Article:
Why Didn't Anybody Watch CNN's 'Parker Spitzer'?

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I say "anybody," not because the show had literally zero viewers, but because its opening was, unfortunately, an unalloyed disappointment. With 454,000 total viewers on Monday, the heavily advertised 'Parker Spitzer' show opened behind Bill O'Reilly (3.1 million viewers), Keith Olbermann (1.1 million), Campbell Brown's old show (500,000+), John King (471,000), and Rick's List (491,000), the show it replaced, which was hosted by recently fired Rick Sanchez.

Gabriel Sherman reported that MSNBC talking heads Lawrence O'Donnell and Keith Olbermann predicted a rough slog for Parker Spitzer:

"I don't want to make it sound like everything should be an echo chamber, but the idea that you're not an opinion channel because it's not just one opinion is just ludicrous," Olbermann said. "James Carville is an opinion, nothing but an opinion, and he's on all the damn time. The flaw over at CNN is a television flaw. It's not opinion versus non-opinion. They're going to please neither side. I would argue it's much more dishonest intellectually to say the moon is a thing largely made out of rock and is in the sky and makes this circle around the Earth and spins in a certain direction and we can see it in the distance, and to answer that, the man who says the moon is made entirely out of green cheese."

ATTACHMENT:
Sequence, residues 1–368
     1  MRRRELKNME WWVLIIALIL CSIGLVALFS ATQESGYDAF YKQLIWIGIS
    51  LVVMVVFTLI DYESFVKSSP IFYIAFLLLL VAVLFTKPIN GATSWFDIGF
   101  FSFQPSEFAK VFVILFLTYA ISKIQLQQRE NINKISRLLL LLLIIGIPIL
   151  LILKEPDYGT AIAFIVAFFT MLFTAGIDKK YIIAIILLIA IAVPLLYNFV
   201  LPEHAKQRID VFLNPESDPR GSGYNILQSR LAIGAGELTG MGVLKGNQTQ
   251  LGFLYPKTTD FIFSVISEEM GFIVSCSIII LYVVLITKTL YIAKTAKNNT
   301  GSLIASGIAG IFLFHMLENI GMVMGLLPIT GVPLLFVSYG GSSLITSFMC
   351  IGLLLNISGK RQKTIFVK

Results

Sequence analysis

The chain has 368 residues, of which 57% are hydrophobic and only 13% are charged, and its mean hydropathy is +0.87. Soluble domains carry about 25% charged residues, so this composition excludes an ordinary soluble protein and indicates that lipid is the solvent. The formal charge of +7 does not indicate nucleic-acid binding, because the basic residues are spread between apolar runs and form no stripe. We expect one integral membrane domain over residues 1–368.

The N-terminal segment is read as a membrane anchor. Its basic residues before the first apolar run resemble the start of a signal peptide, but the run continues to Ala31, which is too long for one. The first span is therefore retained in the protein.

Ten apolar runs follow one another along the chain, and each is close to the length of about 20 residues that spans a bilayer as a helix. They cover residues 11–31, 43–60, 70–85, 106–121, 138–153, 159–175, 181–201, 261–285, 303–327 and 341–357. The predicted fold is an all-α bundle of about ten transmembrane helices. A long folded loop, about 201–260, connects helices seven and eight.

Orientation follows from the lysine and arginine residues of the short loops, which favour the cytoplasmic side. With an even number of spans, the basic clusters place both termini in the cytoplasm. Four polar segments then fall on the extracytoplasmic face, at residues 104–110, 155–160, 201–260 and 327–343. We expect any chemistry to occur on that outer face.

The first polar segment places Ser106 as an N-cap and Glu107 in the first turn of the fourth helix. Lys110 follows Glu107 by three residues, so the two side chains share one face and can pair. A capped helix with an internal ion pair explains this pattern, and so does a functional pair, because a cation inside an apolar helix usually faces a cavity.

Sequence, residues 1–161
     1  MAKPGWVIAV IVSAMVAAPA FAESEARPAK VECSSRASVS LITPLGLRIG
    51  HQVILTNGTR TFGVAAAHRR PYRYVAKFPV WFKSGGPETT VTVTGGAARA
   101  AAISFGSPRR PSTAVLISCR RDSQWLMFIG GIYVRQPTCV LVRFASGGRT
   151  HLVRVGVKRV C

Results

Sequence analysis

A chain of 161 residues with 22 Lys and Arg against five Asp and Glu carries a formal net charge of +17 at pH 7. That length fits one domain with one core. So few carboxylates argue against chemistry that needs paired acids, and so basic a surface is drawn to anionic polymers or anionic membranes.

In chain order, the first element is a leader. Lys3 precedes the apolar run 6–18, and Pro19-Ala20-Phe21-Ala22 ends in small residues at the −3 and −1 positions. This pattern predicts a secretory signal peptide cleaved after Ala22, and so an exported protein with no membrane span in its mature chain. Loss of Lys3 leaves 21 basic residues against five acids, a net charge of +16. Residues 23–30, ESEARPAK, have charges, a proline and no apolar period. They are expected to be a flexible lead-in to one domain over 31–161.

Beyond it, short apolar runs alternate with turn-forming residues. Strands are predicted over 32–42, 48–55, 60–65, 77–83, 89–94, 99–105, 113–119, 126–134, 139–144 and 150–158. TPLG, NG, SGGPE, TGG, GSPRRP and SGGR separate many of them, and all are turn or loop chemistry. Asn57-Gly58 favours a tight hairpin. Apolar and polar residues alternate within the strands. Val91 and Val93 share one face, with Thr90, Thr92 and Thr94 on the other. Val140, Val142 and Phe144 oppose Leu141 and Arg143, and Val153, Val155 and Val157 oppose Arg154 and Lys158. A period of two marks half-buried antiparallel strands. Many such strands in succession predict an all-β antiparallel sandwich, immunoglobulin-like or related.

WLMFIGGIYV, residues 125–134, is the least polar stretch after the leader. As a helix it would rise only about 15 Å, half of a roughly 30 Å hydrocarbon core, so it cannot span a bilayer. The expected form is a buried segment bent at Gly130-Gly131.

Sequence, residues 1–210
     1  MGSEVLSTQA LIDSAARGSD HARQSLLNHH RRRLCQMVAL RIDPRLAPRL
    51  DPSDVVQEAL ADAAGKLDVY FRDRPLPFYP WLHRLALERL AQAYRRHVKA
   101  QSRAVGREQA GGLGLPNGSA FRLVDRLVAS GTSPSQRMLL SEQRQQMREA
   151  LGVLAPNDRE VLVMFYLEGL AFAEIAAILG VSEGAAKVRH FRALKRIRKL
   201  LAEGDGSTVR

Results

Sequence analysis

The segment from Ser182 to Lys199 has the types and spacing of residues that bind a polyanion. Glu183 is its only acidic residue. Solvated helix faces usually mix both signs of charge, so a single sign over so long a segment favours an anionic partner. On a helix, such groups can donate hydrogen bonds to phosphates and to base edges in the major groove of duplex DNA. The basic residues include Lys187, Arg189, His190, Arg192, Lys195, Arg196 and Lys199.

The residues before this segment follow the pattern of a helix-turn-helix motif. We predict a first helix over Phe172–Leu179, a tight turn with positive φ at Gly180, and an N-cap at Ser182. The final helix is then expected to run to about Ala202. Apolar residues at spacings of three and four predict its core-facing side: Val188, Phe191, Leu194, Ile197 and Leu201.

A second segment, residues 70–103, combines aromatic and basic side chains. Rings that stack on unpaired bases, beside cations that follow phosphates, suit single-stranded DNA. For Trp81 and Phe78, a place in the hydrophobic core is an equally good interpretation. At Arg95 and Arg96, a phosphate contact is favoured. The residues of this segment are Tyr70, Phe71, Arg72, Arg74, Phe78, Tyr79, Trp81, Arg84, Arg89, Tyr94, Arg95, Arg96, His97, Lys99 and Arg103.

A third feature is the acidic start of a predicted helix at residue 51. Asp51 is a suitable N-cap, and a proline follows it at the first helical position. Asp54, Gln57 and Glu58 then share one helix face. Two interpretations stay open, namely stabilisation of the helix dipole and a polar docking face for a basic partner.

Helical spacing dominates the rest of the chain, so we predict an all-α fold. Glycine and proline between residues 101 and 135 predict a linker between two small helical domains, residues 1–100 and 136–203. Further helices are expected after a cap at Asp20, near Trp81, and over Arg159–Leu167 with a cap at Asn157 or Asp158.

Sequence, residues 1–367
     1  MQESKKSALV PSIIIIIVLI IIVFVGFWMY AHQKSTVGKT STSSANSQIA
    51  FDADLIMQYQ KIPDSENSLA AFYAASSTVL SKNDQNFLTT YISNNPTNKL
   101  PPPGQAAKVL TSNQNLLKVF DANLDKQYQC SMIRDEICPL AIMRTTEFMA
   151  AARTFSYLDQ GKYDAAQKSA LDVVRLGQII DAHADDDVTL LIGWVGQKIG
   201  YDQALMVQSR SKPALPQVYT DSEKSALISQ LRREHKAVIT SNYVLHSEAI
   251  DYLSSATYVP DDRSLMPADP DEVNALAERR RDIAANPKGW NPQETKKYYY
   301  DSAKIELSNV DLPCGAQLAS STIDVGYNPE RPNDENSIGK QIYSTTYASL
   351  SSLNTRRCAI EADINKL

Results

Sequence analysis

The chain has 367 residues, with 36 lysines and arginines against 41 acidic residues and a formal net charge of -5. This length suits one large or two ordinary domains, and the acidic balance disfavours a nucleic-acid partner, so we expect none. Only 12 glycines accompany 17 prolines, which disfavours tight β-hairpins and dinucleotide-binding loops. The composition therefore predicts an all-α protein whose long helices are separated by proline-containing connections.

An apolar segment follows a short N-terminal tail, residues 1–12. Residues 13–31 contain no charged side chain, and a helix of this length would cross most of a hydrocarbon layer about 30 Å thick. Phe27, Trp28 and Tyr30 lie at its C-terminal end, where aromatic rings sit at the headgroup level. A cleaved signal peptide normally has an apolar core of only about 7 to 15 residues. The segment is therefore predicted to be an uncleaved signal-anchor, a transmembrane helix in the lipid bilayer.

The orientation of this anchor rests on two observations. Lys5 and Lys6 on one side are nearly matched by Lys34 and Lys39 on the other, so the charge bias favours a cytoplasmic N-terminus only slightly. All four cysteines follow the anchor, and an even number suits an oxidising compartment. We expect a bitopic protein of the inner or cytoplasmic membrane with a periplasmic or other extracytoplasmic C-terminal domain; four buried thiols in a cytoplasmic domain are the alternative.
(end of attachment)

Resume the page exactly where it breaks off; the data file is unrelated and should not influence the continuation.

I think I agree with this. But I also think CNN's viewership worries have as much to do with their non-partisan ethos as their lack of a zeitgeist-grabbing voice. Glenn Beck, in all his paranoia and radical plebeian conservatism, was the perfect flavor for Tea Party America before there was a Tea Party. Bill O'Reilly is the classic conservative for all ages who expresses indignation and the media and "elites" and a connection with common American values. Olbermann represents the not-gonna-take-it-anymore liberal backlash to Fox News that crested a few years ago, while his pal Rachel Maddow came to prominence for seeming reasonable and liberal just a certain seemingly reasonable and liberal Illinois senator burst onto the scene and captured the Democratic nomination.

This isn't to say that the moment makes the anchor, only that successful news personalities must, to some extent, reflect the tensions of the times. Do Eliot Spitzer and Kathleen Parker -- a tarnished anti-Wall Street crusader and a moderate conservative columnist -- hold a mirror to the zeitgeist? Are Americans quietly yearning for a low-fi, low-octane conversation between center-left and center-right? I'll let the viewers decide. But I worry that they have, already.

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Derek Thompson is a senior editor at The Atlantic, where he writes about economics, labor markets, and the entertainment business.

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